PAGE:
Another day, another Frank Ocean album: After many months of making needy fans hold their breath (and making editors and music writers hold their breath who, if not for their job, would have been perfectly fine with a release whenever, really), the young wizard of left-field pop unbound by genre distinctions released two collections in as many days. Both the “visual album” Endless and the album proper Blonde are extensions of their author’s mellow sensibility. Yet while Endless seems to lengthen the strain of lovelorn melancholy that’s been dominant in the artist’s work since his debut, Blonde marks a genuine departure: It’s far and away the happiest Frank Ocean collection ever committed to wax. Instead of being accentuated by their extreme contrast with deep, vivid orange, Frank’s native blues and blackness are framed by a full spectrum of hues: pink and mauve synthscapes, summer green, and gold guitars — and no small amount of whiteness. Frank’s never been big on antagonism, racial or otherwise. In his universe, there are no evil people, just people with differing motives and levels of indifference. So it’s not really a surprise to behold him absorbing sounds, styles, and people typically associated with whiteness and white people with the same loose, offhanded deftness with which he affirms his continuity with black culture and history. Here’s a brief guide to the whiter aspects of his varicolored album.
1. The title (and cover).
Like white skin itself, blond hair is the result of a melanin deficiency; like white skin, blond hair is most commonly found in Europe, particularly Northern Europe; like white skin, blond hair confers, or implies, a certain degree of social advantage. Even if most whites are dark-haired, the blond Caucasian remains the platonic ideal of white beauty. Frank’s late-breaking selection of Blonde over the original title of Boys Don’t Cry is the primary signal to listeners that he’s willing to remake whiteness in his own image. The very next indications, of course, are the white background to the album cover and the album’s cover photo, where the artist appears with his hair dyed blond on the sides (and green on top, because heaven forbid Mr. Ocean should send any unmixed messages).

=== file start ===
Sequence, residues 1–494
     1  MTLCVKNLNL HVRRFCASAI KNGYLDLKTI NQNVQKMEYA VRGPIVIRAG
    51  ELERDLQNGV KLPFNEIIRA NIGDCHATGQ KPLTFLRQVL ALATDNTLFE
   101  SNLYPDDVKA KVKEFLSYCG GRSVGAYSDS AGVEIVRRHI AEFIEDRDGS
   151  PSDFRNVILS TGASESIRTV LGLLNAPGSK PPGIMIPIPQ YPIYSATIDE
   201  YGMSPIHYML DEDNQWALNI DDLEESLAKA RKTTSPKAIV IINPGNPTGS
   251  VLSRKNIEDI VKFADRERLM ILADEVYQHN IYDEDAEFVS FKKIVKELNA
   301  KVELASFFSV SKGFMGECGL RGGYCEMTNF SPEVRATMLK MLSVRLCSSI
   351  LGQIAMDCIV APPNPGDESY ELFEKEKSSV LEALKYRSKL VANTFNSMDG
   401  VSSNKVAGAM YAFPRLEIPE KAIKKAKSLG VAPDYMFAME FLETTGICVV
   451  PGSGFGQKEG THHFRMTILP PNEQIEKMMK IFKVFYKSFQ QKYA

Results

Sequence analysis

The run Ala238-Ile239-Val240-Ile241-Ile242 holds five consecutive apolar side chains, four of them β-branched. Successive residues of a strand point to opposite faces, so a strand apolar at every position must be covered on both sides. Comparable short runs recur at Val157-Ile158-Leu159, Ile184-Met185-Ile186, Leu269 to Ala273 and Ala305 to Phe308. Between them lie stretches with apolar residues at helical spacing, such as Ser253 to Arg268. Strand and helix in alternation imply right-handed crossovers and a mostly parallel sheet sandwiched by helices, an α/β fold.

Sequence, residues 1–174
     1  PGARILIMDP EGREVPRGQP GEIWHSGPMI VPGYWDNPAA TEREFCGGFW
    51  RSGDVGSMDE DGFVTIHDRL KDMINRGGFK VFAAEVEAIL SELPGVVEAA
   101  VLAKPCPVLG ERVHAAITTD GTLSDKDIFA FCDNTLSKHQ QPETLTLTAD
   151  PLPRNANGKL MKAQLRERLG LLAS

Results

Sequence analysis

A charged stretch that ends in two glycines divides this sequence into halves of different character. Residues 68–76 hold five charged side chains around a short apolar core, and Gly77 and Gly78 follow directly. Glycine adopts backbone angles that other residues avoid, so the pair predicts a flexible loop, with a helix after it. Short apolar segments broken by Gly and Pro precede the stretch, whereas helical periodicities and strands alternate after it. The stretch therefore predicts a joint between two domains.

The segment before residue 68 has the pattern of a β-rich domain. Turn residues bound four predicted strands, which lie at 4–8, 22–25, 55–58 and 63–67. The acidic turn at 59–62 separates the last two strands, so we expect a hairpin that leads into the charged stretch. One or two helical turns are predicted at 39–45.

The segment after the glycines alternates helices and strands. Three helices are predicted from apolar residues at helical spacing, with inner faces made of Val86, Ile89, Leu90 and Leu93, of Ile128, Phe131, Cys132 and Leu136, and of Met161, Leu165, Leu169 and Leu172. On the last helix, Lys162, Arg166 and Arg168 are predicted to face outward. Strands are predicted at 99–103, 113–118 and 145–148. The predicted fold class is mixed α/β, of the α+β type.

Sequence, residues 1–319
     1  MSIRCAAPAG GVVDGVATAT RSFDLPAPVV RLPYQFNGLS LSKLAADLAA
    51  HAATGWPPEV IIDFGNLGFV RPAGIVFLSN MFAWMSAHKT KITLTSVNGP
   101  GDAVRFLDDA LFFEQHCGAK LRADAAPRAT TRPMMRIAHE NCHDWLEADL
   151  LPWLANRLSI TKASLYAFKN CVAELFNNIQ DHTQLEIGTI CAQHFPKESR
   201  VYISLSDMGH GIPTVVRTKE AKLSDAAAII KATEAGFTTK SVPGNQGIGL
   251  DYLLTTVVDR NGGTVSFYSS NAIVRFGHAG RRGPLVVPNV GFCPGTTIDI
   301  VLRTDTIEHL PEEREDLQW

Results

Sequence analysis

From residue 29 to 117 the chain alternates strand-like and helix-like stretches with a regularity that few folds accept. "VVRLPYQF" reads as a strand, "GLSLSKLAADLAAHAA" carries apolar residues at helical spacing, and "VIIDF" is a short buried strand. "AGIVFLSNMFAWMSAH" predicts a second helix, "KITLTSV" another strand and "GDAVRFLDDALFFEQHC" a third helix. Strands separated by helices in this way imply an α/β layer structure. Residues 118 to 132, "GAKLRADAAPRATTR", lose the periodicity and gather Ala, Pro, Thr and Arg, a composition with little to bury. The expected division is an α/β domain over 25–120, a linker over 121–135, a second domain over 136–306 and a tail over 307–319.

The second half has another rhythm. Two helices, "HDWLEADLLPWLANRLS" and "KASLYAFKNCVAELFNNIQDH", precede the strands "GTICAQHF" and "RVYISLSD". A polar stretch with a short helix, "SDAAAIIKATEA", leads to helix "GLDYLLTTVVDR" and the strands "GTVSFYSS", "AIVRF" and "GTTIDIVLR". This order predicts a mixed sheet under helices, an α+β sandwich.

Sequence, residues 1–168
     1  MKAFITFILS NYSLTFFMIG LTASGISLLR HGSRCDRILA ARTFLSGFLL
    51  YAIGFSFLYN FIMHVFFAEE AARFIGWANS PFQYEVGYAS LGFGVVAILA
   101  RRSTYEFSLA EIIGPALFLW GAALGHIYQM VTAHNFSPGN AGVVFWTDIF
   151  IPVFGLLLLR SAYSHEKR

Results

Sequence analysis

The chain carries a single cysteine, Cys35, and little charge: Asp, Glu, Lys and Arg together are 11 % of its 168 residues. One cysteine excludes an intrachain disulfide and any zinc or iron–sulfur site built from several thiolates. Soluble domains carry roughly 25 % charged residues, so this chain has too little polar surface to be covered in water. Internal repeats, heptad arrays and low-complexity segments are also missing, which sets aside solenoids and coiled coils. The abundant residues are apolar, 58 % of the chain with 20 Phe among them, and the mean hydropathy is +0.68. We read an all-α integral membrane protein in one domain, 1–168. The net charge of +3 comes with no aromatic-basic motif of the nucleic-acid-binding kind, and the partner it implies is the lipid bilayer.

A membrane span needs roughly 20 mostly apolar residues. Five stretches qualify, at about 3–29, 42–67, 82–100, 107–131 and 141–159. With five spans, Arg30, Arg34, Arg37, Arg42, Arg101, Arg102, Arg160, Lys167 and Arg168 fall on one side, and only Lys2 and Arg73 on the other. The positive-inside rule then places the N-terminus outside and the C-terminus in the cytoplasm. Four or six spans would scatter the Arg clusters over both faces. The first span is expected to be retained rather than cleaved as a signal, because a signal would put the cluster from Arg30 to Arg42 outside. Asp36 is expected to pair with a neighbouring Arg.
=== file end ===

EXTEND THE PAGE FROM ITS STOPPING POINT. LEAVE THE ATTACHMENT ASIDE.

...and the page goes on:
2. The guitars.
Obviously there’s a long, rich heritage of guitars and guitarists in American black music: blues guitar, jazz guitar, rock-and-roll guitar, funk guitar. The prominence of guitars on Blonde is hardly anything white in and of itself. But the nature of those guitars — all those warm, soft, inviting, leisurely major chords (“Ivy,” “Self Control,” “Good Guy,” “Nights,” “White Ferrari,” “Seigfried,” “Godspeed”) — seems to owe far more to the Beach Boys and Beatles and any number of other distinctly white rock (not rock and roll) musicians of the ’60s and ’70s than it does to Howlin’ Wolf or Eddie Hazel.
Whether he’s the tragic warrior-hero of pre-Christian Germanic myth, one half of a gay duo whose Las Vegas stage performances prominently featured white tigers and white lions, or a character who wields a sword as tall as himself in the fighting game series Soulcalibur (which Frank cited on Nostalgia, Ultra), there’s no doubt that Siegfried, as a name, is as white as it gets. You can chalk up the misspelling of the 15th track of Blonde to whatever you like, but be sure to use white chalk.